Welcome to the 12 Days of BCBS 239! On this first day, our banker friend G. Sibley starts with a fundamental: the data dictionary.
BCBS 239 addresses how banks should manage the data used in risk analysis. Our experience is that the most logical place to start is setting and agreeing definitions of terms. This logic is reflected in the BCBS 239 Principles:
- BCBS 239 Principle 3 calls for data to be defined consistently across an organization.
- BCBS 239 Principle 9 calls for banks to inventory and classify their risk data items.
The first step on G. Sibley’s road to BCBS 239 compliance is to ask a series of questions, including: Which data elements matter most to risk analysis and reporting? What do we call them? Are these meanings consistent across the enterprise? Are there instances where different businesses refer to the same thing by different names, or different things by the same name? It’s important to document these instances.
Let’s dive into what “defined consistently” means. It’s very common for different areas of the business to refer to the same attribute by different names. This is ok in the context of risk data aggregation, so long as this is identified and recorded. What matters most from a risk data aggregation perspective is that each of these attributes named in “local dialect” is mapped to a single underlying attribute definition which outlines the shared meaning of those terms. The same concept applies to terms used to express different meanings in different contexts – the local business areas don’t need to change how they refer to specific data attributes, but the differences need to be known. Only once you have a common data dictionary can you get to the business of managing and aggregating data effectively.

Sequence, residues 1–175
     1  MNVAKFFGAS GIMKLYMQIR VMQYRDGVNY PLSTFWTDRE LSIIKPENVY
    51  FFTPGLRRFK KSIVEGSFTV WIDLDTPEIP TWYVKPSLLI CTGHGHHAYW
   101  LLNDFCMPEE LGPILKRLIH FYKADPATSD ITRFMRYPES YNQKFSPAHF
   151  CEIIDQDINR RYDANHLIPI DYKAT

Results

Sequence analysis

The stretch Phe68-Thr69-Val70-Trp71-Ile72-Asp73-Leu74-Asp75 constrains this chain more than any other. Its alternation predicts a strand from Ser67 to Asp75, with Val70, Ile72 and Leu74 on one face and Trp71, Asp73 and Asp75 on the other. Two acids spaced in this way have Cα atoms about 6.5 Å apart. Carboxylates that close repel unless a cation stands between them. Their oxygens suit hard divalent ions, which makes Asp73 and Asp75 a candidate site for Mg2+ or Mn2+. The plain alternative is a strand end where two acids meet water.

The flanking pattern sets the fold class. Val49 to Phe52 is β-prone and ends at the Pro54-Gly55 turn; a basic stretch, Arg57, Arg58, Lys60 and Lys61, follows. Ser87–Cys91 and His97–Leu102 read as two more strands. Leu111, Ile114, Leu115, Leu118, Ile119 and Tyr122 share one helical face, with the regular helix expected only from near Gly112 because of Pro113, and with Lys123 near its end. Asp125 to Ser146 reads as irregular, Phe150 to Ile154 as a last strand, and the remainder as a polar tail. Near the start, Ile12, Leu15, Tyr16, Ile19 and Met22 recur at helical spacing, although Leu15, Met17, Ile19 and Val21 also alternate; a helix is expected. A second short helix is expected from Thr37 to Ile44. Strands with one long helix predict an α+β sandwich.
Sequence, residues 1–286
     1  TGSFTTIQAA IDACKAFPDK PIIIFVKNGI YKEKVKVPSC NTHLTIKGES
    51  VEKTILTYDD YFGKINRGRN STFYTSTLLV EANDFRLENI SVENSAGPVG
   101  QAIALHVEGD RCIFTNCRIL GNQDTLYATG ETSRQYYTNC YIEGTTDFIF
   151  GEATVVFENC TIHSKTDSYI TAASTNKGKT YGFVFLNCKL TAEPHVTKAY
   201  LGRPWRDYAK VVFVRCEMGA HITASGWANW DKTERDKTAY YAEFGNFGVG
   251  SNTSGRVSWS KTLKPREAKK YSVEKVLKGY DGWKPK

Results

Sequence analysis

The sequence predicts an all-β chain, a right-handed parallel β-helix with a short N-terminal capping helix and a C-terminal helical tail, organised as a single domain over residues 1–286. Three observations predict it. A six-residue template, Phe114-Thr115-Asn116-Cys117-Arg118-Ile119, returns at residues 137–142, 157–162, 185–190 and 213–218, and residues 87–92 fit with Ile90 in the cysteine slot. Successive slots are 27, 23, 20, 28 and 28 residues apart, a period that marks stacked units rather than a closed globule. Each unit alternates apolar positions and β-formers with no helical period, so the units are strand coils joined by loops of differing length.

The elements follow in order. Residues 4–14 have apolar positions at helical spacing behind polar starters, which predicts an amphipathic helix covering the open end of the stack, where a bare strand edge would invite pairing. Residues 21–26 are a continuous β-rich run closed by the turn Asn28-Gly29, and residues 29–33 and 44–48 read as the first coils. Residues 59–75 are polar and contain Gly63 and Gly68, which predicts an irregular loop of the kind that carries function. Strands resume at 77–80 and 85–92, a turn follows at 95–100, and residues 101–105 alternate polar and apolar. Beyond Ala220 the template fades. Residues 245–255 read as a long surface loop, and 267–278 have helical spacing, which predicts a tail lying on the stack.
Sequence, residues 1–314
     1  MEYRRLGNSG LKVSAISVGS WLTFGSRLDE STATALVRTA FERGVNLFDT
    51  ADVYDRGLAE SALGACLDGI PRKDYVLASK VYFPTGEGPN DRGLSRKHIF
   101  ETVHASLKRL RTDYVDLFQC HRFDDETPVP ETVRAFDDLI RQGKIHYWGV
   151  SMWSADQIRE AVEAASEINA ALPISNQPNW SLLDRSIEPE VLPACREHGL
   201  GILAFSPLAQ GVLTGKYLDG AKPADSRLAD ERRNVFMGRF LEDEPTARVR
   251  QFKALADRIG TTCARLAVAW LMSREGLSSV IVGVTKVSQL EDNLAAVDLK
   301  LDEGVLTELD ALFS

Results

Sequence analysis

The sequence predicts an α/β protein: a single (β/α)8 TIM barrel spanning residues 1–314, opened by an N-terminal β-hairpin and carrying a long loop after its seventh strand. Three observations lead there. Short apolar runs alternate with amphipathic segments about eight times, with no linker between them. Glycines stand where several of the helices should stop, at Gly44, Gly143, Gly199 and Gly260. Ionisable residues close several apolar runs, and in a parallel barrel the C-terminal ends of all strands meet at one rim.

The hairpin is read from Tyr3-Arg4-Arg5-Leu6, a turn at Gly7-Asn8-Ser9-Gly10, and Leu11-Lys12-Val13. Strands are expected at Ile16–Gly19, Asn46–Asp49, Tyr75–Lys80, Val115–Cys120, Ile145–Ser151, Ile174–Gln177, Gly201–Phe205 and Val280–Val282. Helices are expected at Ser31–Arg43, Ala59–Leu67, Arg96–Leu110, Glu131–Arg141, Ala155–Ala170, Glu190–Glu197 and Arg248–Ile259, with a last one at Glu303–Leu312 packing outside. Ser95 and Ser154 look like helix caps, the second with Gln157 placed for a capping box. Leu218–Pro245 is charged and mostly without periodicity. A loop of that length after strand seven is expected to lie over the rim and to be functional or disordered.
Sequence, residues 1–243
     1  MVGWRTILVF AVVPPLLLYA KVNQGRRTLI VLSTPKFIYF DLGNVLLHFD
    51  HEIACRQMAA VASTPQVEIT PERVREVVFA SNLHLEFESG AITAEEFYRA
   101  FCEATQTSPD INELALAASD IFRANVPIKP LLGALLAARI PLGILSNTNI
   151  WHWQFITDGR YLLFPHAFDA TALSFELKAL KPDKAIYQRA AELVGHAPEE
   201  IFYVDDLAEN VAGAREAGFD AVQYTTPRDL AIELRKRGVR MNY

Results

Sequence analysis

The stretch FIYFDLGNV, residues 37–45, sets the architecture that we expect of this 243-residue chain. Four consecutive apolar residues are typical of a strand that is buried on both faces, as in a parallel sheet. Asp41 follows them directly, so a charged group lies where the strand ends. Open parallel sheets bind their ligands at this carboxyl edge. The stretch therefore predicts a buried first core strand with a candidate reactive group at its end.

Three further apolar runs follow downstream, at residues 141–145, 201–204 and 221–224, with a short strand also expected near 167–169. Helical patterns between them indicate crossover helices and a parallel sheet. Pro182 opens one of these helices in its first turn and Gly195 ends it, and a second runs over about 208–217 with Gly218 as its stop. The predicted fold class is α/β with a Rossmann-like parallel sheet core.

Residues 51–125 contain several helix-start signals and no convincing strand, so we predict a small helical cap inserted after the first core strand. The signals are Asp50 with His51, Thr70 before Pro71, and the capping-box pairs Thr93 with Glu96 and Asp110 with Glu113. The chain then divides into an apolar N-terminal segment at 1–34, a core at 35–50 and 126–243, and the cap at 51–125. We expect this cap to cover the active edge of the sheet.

The good news is that you don’t have to start from scratch. There are templates and platforms to accelerate you and industry standards, such as FIBO, the Financial Industry Business Ontology, created by the membership of the EDM Council. FIBO provides a common standard reference point for data alignment.
Look out for day two tomorrow.
By Steve Engdahl, SVP, Product Strategy, Goldensource